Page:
Although the Web and Web 2.0 gets a lot of attention — and rightly so, in my opinion — one of the other important trends has to do with mobility, and specifically cellphones and PDA-type devices. And while there is lots of evidence of that occurring in North America, it becomes abundantly obvious as soon as you look outside the continent, particularly to developing countries such as China and India. As Don Dodge says, it is the “first screen.”
In those countries, a mobile phone may be the closest that someone ever gets to a computer or the Internet, apart from using one at school, or in a library or town hall — a distinction that North American companies likely have a difficult time remembering. The New York Times has a fascinating story about a company called TenCent that is taking full advantage of the central place that mobiles appear to have in the lives of Chinese youth.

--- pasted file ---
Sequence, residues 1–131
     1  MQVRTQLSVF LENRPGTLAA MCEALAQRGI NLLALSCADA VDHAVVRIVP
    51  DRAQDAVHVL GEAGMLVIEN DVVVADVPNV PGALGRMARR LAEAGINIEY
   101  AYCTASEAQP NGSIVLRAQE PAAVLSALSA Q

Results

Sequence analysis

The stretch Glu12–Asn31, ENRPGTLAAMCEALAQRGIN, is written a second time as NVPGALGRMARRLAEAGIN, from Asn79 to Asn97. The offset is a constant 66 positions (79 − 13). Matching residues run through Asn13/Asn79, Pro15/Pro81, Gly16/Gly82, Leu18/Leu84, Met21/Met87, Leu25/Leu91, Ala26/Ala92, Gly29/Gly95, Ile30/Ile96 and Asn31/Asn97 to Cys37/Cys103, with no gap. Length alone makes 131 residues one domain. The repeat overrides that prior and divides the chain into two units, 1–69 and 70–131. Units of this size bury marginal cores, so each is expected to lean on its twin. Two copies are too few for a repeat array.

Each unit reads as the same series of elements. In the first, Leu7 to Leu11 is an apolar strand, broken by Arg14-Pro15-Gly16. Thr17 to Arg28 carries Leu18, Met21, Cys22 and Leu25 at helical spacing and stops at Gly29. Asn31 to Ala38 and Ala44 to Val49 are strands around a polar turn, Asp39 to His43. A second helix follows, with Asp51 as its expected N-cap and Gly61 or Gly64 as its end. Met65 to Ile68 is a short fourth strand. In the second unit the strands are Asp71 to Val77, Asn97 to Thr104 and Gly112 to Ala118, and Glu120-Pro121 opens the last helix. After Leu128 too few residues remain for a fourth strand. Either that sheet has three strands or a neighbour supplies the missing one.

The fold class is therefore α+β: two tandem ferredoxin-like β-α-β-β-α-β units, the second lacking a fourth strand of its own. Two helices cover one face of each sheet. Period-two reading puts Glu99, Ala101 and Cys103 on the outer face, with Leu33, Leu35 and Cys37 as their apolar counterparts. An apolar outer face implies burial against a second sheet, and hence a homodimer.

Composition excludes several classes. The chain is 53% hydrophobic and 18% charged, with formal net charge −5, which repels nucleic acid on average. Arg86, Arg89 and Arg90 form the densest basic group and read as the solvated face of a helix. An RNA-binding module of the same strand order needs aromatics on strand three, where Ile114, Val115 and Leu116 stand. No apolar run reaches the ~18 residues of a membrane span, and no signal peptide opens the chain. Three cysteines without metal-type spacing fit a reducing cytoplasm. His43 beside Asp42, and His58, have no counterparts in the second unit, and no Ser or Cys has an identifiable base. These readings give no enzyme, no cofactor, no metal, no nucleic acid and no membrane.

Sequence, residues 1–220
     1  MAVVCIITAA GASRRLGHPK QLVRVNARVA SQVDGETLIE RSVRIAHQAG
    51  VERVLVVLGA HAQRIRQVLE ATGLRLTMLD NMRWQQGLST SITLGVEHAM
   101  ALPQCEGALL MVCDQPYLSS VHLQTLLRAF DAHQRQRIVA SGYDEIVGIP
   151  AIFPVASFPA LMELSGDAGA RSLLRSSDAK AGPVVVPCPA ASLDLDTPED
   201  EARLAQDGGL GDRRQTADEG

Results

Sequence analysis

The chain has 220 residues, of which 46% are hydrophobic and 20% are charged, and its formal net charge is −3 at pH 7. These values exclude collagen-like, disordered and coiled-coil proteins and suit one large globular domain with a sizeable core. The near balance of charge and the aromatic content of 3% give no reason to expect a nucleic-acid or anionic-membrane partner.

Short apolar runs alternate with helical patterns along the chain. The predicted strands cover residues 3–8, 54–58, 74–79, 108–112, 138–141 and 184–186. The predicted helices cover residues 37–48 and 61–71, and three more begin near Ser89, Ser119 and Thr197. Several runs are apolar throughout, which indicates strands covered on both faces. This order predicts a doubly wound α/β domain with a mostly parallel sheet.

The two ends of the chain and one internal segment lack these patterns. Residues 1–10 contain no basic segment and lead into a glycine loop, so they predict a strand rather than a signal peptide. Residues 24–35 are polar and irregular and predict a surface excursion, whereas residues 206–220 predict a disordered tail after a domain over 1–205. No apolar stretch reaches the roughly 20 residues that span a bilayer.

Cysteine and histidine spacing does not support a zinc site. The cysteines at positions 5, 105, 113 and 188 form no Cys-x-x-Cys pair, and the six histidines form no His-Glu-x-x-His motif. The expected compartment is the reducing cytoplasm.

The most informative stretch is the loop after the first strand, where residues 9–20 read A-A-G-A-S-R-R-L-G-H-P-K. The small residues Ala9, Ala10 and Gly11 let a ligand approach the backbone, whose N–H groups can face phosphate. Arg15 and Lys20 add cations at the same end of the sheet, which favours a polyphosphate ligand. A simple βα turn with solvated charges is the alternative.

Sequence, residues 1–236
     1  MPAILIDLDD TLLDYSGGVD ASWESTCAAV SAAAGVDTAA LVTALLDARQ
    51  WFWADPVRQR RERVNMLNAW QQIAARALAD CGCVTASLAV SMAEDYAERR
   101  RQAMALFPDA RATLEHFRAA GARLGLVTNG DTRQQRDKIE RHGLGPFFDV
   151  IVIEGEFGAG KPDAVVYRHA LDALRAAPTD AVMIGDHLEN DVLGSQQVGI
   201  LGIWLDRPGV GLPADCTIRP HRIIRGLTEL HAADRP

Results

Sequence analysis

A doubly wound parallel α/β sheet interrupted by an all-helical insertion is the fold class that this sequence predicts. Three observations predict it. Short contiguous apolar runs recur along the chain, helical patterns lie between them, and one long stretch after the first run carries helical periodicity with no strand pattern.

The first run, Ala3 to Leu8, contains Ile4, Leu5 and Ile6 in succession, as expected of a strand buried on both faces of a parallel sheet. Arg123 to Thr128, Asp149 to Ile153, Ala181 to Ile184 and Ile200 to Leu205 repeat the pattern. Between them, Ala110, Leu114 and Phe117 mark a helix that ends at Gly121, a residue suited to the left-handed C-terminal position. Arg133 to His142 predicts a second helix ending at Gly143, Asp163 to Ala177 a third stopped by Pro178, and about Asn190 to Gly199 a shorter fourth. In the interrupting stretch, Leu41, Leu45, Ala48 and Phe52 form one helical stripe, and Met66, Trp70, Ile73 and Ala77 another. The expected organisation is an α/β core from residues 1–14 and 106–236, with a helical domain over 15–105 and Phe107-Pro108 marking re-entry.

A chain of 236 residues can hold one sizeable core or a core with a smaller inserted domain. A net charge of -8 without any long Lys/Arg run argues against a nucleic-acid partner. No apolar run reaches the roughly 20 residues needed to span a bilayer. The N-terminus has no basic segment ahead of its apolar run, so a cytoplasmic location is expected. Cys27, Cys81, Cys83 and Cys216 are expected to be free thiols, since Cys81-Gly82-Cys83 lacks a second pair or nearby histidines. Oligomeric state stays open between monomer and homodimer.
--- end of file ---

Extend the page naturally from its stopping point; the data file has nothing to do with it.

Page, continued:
From the sounds of it, TenCent started with a simple instant-messaging tool for phones called QQ, and has evolved into a full-fledged micro-entertainment service with games, social apps, avatars and so on. If you want a picture of what it involves, think of something like HabboHotel.com (with tiny avatars and games) mixed with MySpace and MSN, all powered by a World of Warcraft-style virtual currency called Q coins. The Chinese government even warned recently that Q-coins were becoming a real-life currency, with people trading virtual game points for real-world services.
One QQ user in the NYT story — a 21-year-old university student — says that he is using some QQ service or other for three to five hours a day. That is mind-boggling. According to some estimates, QQ has more than 150 million users, 9 million of whom are online at any one time. And TenCent continues to roll out new features and services. I think Om Malik is right when he says that social networking is a feature that is showing up in many different places.